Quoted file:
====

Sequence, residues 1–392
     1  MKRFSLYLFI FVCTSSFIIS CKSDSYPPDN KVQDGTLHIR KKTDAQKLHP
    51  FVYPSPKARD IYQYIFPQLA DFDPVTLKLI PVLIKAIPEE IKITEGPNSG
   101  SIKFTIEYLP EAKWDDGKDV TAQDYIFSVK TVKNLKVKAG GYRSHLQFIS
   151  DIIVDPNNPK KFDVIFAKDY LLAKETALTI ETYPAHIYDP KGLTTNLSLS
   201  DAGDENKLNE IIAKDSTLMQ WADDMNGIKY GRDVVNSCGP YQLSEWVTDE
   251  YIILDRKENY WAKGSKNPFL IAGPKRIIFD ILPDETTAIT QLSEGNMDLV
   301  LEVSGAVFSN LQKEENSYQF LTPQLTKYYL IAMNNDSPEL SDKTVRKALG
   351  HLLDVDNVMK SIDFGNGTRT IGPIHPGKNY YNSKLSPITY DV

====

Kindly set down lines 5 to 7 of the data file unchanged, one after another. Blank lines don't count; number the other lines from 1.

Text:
   151  DIIVDPNNPK KFDVIFAKDY LLAKETALTI ETYPAHIYDP KGLTTNLSLS
   201  DAGDENKLNE IIAKDSTLMQ WADDMNGIKY GRDVVNSCGP YQLSEWVTDE
   251  YIILDRKENY WAKGSKNPFL IAGPKRIIFD ILPDETTAIT QLSEGNMDLV